An Antidote to a Polar Vortex- Yogi Style

I'm SO excited to share this post with you because it's written by one of my favourite yogis on the planet- the fabulous and talented Liz Huntly. Liz will be bringing her magic to Canada this June for The Groove - A Yoga, Music and Movement Festival. She's written a guest post on how to find our internal fire through movement and breath, even in the midst of the umpteenth polar vortex!

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hit the snooze button five times.

try to convince yourself in the half-dark that at least it's getting lighter earlier now. it must be getting lighter earlier now.

make a steaming cup of tea. keep both hands wrapped around the mug so that the heat steeps into your finger bones.

 

sit at your computer with your spine tall and your shoulder blades firm against your back. try to think of something to write as your spine collapses and your shoulders creep forward.

write one line.

erase it.

 

sigh.

straighten your spine and roll your shoulders back.

write and erase six more lines as your torso works itself back into a habitual slump. tell yourself you should definitely NOT go back to bed, approximately twelve times.

 

go back to bed.

 

crawl out of your goose down fortress when it's actually light.

put on two pairs of pants (leggings are pants),

three pairs of socks,

a tank top, a t-shirt, as many sweaters as will fit over one another.

wrap your shoulders around your heart like a scarf to keep out the cold.

 

go out into a world made almost unrecognizable the battery of winter. marvel at it's raw beauty, and/or the speed with which your snot freezes in your nose.

 

look for the cracks where spring is sweetly waltzing in.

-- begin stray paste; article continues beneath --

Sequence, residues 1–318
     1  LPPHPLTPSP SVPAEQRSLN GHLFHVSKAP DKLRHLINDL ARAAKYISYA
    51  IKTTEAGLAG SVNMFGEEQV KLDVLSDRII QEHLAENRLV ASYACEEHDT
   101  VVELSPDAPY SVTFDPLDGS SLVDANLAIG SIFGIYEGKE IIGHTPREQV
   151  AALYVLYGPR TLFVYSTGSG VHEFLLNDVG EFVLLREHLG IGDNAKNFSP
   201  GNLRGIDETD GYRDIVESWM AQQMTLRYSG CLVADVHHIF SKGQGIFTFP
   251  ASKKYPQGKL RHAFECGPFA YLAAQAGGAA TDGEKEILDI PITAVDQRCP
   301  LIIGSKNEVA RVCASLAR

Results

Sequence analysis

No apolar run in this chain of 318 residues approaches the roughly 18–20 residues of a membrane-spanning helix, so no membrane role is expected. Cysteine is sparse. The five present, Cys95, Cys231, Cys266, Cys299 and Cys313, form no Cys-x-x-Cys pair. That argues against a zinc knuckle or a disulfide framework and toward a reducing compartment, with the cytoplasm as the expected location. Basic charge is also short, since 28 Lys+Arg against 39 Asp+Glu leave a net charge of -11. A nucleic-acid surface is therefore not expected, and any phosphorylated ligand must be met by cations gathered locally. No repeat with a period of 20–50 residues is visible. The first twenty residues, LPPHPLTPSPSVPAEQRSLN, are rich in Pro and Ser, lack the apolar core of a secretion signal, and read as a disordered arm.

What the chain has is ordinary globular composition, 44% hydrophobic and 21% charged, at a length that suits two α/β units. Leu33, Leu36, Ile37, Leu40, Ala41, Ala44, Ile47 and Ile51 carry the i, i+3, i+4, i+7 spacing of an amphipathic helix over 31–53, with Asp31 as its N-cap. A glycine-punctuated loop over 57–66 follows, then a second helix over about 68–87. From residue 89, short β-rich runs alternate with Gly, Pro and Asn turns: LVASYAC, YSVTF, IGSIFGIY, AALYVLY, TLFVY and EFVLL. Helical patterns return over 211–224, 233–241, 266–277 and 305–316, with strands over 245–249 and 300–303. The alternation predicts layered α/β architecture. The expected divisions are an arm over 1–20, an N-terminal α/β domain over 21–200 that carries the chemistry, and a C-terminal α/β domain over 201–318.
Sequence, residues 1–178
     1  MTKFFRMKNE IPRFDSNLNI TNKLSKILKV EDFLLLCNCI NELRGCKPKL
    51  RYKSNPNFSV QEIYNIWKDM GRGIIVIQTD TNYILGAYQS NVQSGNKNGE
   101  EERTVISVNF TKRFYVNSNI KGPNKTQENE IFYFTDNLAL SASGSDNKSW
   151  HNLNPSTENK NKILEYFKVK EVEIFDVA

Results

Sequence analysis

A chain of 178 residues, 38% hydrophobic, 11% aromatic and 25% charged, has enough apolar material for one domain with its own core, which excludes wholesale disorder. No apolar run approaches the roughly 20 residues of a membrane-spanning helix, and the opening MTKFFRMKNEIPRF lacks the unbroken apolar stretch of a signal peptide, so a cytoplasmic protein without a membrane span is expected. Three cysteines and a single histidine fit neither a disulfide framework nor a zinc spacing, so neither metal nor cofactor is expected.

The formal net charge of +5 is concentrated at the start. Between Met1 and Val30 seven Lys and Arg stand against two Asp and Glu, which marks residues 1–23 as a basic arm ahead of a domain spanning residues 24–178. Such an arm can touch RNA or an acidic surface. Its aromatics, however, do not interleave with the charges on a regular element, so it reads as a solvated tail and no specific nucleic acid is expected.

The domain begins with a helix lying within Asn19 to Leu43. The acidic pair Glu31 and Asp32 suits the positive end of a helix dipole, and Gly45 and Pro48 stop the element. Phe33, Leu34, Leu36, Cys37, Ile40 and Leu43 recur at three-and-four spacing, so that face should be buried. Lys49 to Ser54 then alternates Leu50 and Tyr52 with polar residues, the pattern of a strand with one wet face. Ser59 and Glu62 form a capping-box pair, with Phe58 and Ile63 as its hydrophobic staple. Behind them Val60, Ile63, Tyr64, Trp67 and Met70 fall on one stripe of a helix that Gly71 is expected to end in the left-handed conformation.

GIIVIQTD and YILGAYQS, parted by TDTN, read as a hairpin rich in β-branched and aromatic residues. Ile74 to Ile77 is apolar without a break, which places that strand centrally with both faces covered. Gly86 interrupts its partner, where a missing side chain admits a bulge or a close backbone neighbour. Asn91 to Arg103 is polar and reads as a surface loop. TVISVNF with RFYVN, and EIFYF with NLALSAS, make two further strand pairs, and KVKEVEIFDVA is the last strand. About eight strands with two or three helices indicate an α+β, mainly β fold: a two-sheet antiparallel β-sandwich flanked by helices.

do the ten things on your to-do list for today.

come home. peel away layers of clothing like you're unwrapping a gift.

discover that the gift is you.

 

light candles. sixteen is a good number.

roll out your yoga mat.

take 108 big deep breaths.

melt your shoulders away from your ears.

 

open your heart again and again

and again

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A PRACTICE

1. let in the light

Start with a mantra. I like this one:

Guru Brahma, Guru Vishnu, Guru devo Maheshwara,

Guru sakshat, param Brahma, tasmai shri guravay namah

Gu means darkness, Ru means remover—Guru therefore, is simply translated as he/she/it that removes darkness. The mantra asks for the illuminating clarity of the Guru in all forms, beyond your self and within yourself.

Find a melody you like, or make up your own, or just say the words softly, aloud or in your head. Chanting forces a slower, longer exhale, which has a calming effect. If you’re willing to put a little volume into it, you might also experience a warming vibration in the belly, chest, and/or throat. I consider chanting as much a physical experience as any asana or breathing technique that I practice.

Repeat the mantra over and over, to keep the darkness at bay.

 

2. mobilize the shoulders and spine

Find a comfortable cross-legged seat.

a) Shoulder rolls. Bring your palms to your upper thighs. Inhale to roll the shoulders forward and up, exhale to move the shoulders back and down. Continue circling, following your breath. To switch directions, first place the backs of your hands to your upper thighs. Inhale to sweep the shoulders back and up, exhale to soften the shoulders forward and down.

b) Seated twists. Inhale to reach the arms up. Exhale to twist to the right, bringing your right hand behind you and your left hand to your right knee. Hold for several breaths, using your inhales to lengthen the spine and your exhales to more deeply into the twist. Switch sides.

c) Seated side bends. With the chest straight forward, inhale to reach the arms up. Exhale to bring your right hand down beside your right hip as you reach your left arm over your left ear. Inhale to reach both arms back up, exhale the left hand down by your left hip as you reach your right arm over your right ear. Continue moving side to side with your breath. Visualize prairie grass in a warm breeze.

 

3. open the front of the hips